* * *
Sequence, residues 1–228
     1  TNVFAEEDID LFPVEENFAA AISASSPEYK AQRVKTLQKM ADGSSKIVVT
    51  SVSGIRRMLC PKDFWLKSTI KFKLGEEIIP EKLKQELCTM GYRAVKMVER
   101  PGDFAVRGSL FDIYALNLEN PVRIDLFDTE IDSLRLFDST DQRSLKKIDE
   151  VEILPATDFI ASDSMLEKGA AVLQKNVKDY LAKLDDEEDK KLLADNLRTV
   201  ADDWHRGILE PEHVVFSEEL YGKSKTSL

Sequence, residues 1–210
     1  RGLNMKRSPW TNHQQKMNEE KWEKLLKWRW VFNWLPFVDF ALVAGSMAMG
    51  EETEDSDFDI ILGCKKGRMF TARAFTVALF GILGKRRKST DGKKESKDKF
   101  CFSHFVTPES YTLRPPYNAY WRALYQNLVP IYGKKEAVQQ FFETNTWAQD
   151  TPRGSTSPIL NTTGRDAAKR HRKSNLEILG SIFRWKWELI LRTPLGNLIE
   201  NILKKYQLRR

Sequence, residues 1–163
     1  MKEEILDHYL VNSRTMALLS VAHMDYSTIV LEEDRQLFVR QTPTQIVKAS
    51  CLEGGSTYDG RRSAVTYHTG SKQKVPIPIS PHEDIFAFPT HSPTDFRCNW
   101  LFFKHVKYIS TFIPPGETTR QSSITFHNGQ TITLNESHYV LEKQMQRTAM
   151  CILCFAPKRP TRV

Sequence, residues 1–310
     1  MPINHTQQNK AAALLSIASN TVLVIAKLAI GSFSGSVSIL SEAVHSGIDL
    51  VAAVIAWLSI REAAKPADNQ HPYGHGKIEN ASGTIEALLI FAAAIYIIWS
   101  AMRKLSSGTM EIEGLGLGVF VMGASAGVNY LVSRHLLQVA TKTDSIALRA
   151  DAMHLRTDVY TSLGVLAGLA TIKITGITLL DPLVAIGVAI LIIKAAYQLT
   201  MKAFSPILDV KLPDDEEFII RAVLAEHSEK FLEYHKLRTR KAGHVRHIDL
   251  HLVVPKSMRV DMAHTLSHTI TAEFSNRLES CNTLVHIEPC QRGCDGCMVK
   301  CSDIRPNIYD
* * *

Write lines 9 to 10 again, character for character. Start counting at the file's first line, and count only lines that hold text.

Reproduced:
    51  EETEDSDFDI ILGCKKGRMF TARAFTVALF GILGKRRKST DGKKESKDKF
   101  CFSHFVTPES YTLRPPYNAY WRALYQNLVP IYGKKEAVQQ FFETNTWAQD